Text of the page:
Top 10 (12) Olympic Cuisines

You have diligently read about my physical (and mental) travels in the world of food all week. I'll try to reward you with a fun, Friday post.

TOP TEN FOODS FROM AROUND THE WORLD TO EAT IN HONOR OF THE OLYMPICS (regardless of calories). Okay, it will be a Top Twelve in fact, so I can be a little more inclusive. It’s hard to exclude people(s).

12. Italian – Insalata caprese and ciabatta

I had Italian last night, so it’s not throwing my senses into haywire this morning like the other ones, but nothing beats an Italian restaurant and the myriad classic dishes that never fail to disappoint. I choose this appetizer because it’s fresh and has basil, tomato, cheese and bread – the four base ingredients of much of Italian cuisine – at their simplest and most elegant.

11. Mexican – Carnitas with fresh tortillas, salsa, guacamole and lime wedges

We all have a place in our hearts for some variation of Mexican food – a very Americanized version for many, but one nevertheless. I happen to love the tang of pork in my tacos or burritos when I can afford the slight indulgence. This classic way with big flavors and without the burden of lots of cheese, beans, rice and sour cream make this taco-esque dish refined and well, to-die-for.

10. Greek – Pistachio baklava

I am a big fan of Mediterranean food, and Greek cuisine is at the center of this pantheon. I could go on about many of the dishes that Greeks get to enjoy all the time, but I go for the ultimate dessert right now. The filo, the nuts, the honey, the spices. I would love the universe where it was okay for me to finish every meal with this dessert fit for Zeus.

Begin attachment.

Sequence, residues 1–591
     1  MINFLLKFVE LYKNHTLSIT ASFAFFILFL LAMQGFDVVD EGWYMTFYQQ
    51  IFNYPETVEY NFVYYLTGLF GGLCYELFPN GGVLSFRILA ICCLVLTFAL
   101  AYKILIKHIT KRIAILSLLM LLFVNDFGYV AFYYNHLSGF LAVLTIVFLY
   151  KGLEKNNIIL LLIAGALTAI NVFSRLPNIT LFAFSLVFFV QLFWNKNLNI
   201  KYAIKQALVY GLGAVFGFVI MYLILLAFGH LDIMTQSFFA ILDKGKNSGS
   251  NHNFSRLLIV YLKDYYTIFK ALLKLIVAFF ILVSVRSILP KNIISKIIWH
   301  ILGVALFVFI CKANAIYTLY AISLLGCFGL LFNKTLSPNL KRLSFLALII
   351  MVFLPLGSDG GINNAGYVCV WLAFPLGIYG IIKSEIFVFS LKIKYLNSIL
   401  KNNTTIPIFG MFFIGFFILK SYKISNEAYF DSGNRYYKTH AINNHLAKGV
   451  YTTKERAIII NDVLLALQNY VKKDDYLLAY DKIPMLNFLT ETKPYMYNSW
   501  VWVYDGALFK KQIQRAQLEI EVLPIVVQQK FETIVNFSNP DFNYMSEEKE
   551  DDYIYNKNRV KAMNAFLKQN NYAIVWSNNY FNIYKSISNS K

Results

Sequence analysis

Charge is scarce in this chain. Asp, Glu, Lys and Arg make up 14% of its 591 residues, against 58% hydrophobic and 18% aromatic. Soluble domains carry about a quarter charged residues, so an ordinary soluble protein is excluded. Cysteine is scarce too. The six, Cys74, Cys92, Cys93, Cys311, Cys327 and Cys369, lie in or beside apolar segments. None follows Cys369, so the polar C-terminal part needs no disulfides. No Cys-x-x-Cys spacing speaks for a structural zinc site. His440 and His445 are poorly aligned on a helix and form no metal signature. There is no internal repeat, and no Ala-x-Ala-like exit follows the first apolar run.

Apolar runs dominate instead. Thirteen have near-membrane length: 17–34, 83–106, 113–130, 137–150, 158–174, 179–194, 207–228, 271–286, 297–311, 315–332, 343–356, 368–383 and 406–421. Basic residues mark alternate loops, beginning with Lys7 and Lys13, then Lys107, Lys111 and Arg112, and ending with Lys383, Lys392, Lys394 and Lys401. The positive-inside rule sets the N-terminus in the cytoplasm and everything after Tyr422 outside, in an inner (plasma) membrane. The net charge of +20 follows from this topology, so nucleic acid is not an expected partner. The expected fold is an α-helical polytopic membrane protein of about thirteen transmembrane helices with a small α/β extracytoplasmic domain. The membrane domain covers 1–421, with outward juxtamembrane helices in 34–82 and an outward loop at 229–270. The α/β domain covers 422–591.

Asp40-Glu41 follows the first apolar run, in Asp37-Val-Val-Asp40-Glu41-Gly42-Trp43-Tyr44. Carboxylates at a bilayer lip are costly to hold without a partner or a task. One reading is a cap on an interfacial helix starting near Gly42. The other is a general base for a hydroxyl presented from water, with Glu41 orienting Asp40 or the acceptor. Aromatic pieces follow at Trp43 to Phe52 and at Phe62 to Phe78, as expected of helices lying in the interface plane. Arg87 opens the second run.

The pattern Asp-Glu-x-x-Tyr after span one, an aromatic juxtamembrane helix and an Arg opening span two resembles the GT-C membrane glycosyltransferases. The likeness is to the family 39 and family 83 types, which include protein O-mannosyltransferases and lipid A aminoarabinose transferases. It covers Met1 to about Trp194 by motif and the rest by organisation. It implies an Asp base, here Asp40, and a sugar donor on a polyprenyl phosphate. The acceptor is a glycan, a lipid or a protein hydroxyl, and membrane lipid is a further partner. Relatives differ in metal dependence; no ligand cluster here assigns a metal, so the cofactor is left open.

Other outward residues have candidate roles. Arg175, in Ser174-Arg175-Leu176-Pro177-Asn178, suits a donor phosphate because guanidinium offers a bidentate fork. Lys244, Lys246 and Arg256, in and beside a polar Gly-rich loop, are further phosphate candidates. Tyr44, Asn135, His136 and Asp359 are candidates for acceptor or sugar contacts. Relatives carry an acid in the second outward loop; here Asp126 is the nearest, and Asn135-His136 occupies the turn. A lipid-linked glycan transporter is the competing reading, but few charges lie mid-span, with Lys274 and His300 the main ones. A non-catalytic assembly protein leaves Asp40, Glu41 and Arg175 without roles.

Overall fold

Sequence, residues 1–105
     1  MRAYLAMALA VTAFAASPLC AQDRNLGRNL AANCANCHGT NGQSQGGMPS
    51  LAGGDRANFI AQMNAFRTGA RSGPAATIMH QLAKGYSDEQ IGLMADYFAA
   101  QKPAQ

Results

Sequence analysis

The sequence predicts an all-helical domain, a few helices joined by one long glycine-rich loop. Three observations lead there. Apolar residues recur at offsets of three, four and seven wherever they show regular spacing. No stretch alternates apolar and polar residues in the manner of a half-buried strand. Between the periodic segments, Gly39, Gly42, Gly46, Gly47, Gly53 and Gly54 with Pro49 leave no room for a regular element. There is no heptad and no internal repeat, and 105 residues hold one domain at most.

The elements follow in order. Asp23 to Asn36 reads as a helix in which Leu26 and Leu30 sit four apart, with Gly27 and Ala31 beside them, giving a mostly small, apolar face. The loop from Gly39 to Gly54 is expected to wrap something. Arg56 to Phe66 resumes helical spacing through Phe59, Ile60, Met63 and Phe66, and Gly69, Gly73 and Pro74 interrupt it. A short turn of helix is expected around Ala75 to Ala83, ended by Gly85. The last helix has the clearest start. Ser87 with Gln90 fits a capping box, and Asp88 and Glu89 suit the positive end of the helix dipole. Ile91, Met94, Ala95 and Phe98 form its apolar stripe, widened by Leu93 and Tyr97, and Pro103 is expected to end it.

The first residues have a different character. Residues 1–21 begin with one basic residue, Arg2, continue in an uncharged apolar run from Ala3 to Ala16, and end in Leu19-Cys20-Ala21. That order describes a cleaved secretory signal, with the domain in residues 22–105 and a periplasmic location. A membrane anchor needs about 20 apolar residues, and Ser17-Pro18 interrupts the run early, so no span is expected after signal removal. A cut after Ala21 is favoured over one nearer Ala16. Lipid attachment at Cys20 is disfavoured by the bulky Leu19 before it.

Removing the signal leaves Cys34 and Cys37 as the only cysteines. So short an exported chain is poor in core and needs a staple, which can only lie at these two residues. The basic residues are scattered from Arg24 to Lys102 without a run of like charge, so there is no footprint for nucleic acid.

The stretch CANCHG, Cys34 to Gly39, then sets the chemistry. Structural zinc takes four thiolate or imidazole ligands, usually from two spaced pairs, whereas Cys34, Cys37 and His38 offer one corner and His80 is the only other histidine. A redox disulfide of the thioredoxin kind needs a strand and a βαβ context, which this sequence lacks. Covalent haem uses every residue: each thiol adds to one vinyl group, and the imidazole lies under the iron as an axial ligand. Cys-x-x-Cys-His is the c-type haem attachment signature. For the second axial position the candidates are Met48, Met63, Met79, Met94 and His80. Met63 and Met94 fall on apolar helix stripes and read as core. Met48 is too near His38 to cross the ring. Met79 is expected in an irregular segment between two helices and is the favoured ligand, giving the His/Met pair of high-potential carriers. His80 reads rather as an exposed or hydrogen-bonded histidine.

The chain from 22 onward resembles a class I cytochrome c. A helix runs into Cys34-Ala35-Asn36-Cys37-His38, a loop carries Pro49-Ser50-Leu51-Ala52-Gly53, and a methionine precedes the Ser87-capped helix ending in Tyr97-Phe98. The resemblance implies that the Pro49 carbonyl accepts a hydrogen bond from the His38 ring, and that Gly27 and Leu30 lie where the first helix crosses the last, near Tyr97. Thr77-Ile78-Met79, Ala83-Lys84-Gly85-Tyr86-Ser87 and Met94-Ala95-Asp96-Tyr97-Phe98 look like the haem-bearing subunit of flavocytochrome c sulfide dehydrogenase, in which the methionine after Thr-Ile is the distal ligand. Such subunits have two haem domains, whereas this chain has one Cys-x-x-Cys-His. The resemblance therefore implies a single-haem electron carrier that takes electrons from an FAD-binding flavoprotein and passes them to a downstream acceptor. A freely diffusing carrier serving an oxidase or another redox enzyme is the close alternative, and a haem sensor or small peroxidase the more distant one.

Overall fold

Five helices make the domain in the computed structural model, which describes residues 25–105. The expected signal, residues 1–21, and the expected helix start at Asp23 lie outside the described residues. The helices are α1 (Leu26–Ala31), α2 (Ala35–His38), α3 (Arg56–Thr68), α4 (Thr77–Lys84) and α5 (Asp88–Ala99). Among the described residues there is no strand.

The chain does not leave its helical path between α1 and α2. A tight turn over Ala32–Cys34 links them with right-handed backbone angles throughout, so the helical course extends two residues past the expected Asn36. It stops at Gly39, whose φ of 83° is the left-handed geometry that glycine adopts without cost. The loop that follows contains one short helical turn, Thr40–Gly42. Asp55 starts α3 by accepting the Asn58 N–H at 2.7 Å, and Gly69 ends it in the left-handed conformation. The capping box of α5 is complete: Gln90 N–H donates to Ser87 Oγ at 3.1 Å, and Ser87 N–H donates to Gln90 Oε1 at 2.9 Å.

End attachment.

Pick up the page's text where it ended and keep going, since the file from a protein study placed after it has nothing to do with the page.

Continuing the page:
9. Ethiopian – Injera and vegetarian wat stew selection, with salad

Perhaps not as mainstream as some of the others, this cuisine is a winner. Go find your local Ethiopian restaurant if you have not already and make time soon for an experience. They’ll bring you a table-sized piece of flat bread, put a big salad in the middle and then speckle the sides with little piles of different and extremely flavorful stews. The vegetarian ones, full of onions, collard greens and lentils are very rich and smooth, but the meat versions are also quite popular.

8. Spanish – Manchego cheese, crusty bread and mixed olives

Spanish tapas make me happy with their depth and creativity. Perhaps the simplest and most classic one is the best though. To really kick off your meal in style, enjoy some assorted olives and bread with a salty, nutty cheese and an opening glass of red wine.

7. Israeli – Labneh with zatar and fresh, hot pitas

Israeli food is another chapter in the Mediterranean realm that I love. I picked this popular hummus-replacement dish from Israel that I was introduced to recently by a friend because it, well, rocks! It is a thick, smooth cheese-like yogurt. It has the tang of yogurt and the richness of cheese. Served with an awesome Israeli spice, zatar, this is the ultimate opener to a nice Med meal.

6. Chinese - Dim Sum